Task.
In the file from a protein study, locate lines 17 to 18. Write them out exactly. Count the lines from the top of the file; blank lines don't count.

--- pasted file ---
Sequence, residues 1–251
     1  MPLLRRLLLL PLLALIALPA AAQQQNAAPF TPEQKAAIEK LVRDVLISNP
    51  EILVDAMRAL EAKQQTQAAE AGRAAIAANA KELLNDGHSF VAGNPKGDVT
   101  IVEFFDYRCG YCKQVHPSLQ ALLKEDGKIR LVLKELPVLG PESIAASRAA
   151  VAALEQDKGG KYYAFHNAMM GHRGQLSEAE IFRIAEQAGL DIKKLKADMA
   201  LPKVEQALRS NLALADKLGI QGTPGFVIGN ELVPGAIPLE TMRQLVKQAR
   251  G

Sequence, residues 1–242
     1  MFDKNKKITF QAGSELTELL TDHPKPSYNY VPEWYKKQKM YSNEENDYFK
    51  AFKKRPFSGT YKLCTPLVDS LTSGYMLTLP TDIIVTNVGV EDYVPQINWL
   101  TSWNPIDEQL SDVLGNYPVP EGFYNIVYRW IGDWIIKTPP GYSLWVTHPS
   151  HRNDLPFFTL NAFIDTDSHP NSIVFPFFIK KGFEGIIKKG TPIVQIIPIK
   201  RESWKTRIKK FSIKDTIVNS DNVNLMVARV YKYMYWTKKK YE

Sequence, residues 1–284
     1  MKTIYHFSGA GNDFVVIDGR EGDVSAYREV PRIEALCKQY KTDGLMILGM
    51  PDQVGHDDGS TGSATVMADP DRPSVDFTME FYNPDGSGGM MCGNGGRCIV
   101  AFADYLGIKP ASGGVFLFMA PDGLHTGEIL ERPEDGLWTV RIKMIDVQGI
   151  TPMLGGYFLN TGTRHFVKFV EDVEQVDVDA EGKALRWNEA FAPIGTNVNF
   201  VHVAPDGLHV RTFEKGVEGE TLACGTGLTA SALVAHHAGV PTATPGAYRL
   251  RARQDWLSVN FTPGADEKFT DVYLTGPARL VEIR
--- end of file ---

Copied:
   101  AFADYLGIKP ASGGVFLFMA PDGLHTGEIL ERPEDGLWTV RIKMIDVQGI
   151  TPMLGGYFLN TGTRHFVKFV EDVEQVDVDA EGKALRWNEA FAPIGTNVNF